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Tony Hansen's Thousand-Post TimeLine

I am the creator of Digitalfire Insight, the Digitalfire Reference Database and ... more


A flameware recipe after mixing it. Are they kidding?

This is a flameware, made from a recipe promoted by a popular website. Are they serious? How could you throw this? Maybe it is possible, but we need an explanation. How could the page fail to mention how coarse this surface would be? How porous and weak ware would be? We find many body and glaze ... more

Monday 27th March 2017

This leaching mug needs a liner glaze. Seriously!

Three cone 6 commercial bottled glazes have been layered. The mug was filled with lemon juice over night. The white areas on the blue and rust areas on the brown have leached! Why? Glazes need high melt fluidity to produce reactive surfaces like this. While such are normally subject to leaching, the ... more

Monday 27th March 2017

Two glazes. One crawls, the other does not. Why?

The glaze on the right is crawling at the inside corner. Multiple factors contribute. The angle between the wall and base is sharper. A thicker layer of glaze has collected there (the thicker it is the more power it has to impose a crack as it shrinks during drying). It also shrinks more during ... more

Monday 27th March 2017

Potters can learn from how glazes are fit on ceramic tile

These are thermal expansion curves for body, engobe and glaze (from a dilatometer, a device that measures it against increasing temperature). The upper line is the body. The center line is the engobe. The lower line is the glaze. The ceramic tile industry is very conscious, not only of glaze-fit but ... more

Monday 27th March 2017

Two stains. 4 colors. Will the guilty oxide please step forward.

We are looking at two pairs of samples, they demonstrate why knowing about glaze chemistry can be so important. Both pairs are the same glazes: G2934 cone 6 matte and G2916F cone 6 glossy. The left pair has 5% maroon stain added, the right pair 5% purple stain. The red and purple develop correctly ... more

Monday 27th March 2017

An engobe is shivering off the rim of a low temperature mug

Classic terra cotta bodies are not vitreous, so engobes used on them need to have similar low fired shrinkage. But when terra cottas are fired above cone 04 they start to mature and fired shrinkage increases quickly, flaking off engobes that do not have sufficient added frit (to increase their ... more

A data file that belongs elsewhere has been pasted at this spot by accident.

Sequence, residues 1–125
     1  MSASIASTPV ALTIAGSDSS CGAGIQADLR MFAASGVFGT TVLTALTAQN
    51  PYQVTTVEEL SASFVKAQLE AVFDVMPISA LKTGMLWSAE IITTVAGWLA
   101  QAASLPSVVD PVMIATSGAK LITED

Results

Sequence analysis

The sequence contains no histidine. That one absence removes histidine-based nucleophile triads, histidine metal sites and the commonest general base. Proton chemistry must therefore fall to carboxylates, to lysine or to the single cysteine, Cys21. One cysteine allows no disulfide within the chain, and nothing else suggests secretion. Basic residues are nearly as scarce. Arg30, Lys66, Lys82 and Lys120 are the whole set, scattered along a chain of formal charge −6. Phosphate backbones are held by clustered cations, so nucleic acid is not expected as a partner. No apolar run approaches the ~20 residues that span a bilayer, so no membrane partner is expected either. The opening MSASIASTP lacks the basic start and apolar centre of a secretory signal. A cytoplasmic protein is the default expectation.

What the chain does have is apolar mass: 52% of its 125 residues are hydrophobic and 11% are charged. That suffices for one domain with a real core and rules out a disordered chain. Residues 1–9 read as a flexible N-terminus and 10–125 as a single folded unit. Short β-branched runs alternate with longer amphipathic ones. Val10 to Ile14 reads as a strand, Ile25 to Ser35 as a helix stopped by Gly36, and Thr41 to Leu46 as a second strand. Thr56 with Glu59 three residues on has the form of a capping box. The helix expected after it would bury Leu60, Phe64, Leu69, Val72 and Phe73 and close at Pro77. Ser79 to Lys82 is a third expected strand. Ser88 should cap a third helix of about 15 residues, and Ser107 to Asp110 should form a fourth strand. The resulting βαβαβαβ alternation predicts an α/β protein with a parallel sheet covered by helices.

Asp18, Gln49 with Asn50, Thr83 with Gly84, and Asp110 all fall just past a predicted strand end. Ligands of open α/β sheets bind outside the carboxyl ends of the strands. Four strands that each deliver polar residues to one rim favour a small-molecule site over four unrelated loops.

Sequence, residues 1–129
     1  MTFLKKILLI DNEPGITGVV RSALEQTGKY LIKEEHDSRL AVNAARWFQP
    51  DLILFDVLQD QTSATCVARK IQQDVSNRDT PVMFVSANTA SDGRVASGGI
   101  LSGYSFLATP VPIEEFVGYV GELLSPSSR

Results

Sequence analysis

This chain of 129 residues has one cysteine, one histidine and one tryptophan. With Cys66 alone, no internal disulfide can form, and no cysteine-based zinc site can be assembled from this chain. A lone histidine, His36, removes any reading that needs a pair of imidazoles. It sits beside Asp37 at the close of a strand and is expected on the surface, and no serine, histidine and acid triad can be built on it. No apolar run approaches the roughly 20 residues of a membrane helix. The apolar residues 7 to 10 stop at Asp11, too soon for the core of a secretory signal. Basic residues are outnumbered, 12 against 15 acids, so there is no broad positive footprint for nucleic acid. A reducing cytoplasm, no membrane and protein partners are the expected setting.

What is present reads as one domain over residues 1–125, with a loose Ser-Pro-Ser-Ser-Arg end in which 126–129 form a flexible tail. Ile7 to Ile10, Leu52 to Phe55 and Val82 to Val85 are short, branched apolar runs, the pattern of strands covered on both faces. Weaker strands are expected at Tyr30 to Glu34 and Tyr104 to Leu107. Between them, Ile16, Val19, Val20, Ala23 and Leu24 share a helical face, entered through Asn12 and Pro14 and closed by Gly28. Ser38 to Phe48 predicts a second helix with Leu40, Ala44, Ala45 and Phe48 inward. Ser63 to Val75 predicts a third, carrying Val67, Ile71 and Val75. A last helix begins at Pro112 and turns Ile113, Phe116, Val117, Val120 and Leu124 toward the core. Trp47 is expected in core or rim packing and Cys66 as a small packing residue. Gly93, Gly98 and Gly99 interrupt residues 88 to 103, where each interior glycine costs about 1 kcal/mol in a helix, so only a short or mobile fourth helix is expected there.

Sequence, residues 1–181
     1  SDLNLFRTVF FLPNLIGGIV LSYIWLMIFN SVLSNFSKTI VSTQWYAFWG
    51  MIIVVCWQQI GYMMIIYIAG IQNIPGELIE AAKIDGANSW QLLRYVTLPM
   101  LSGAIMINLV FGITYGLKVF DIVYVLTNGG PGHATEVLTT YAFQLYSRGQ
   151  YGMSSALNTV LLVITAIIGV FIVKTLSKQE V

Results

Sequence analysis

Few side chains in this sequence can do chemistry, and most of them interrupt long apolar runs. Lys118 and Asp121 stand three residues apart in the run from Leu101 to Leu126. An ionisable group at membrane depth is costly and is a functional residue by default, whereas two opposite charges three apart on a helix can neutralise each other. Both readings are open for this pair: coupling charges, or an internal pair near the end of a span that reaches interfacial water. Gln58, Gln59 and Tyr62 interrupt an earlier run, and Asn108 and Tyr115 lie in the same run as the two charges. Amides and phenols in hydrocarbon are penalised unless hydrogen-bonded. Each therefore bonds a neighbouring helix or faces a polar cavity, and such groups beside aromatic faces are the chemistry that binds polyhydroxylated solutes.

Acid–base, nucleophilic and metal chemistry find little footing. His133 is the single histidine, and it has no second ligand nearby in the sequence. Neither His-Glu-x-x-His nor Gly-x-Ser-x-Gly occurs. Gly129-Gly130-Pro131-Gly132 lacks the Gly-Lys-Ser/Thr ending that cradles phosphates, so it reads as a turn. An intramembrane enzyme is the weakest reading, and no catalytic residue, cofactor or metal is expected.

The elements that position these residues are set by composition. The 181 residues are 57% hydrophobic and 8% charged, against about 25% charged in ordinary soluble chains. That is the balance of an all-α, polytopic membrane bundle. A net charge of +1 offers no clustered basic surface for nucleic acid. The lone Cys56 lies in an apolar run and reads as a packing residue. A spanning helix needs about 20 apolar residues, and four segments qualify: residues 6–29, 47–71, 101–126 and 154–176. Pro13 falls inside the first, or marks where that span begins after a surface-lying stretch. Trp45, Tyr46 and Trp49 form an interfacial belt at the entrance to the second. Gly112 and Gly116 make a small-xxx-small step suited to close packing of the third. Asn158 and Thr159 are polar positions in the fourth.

Tuesday 7th March 2017

A glaze incompatible with chrome-tin stains (but great with inclusion stains)

Left: a cone 6 matte glaze (G2934 with no colorant). Middle: 5% Mason 6006 chrome-tin red stain added. Right: 5% Mason 6021 encapsulated red stain added. Why is there absolutely no color in the center glaze? This host recipe does not have the needed chemistry to develop the #6006 chrome-tin color ... more

Monday 6th March 2017

Tuning the degree of gloss in a colored matte glaze

Matte glazes have a fragile mechanism. That means the same recipe will be more matte for some people, more glossy for others (due to material, process and firing differences). In addition, certain colors will matte the base more and others will gloss it more. It is therefore critical for matte glaze ... more

Monday 6th March 2017

How to test compatibility between engobe and terra cotta body

Slips and engobes are fool-proof, right? Just mix the recipe you found on the internet, or that someone else recommends, and you are good to go. Wrong! Low fire slips need to be compatible with the body in two principle ways: drying and firing. Terra cotta bodies have low shrinkage at cone 06-04 ... more

Sunday 5th March 2017

A settling, running glaze recipe gets a makeover

The original cone 6 recipe, WCB, fires to a beautiful brilliant deep blue green (shown in column 2 of this Insight-live screen-shot). But it is crazing and settling badly in the bucket. The crazing is because of high KNaO (potassium and sodium from the high feldspar). The settling is because there ... more

Monday 13th February 2017

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What people have said about digitalfire

• First I'd like to thank you about your site. It's outstanding site.

• I have had previous communication with you Tony, and want to say that you do a great job. Very informative. All of my former students are aware of your expertise.

• Thank you so much. This is what a good business looks like; great product, immediate response from the owner no less, and over the top service.

• I normally do not comment on articles I find, but this is amazing. Thank you so much for providing this information! I am a ceramics student in my BFA year, and this is the most comprehensive and helpful information I have found on creating a porcelain casting slip.

• I'm only just beginning to learn about pottery and glazing. I have learned more from your website than anything I have read!

• I am very much appreciative of the work you are doing.

• What a lovely surprise to find you online. As I've changed to Broadband you were allowed through and I'm really pleased. I'm quite sure your site will be a source of much inspiration.

• First I want to thank you for creating and maintaining your web site. I started as a potter and moved into ceramic engineering over the course of my career and your web site has helped me all the way. Currently I am working on digital ceramic ink jet printing.

• I have been thinking to thank you for the great help your interest in ceramics continues to inspire in my studio.

• I want you to know how much it means to me to have you help with my questions. I have been doing pottery for over 20 years and never new this stuff. I feel so responsible for my glazes leaching and stupid to not have known, and the stress or waiting for the lab test results has been eating me up.

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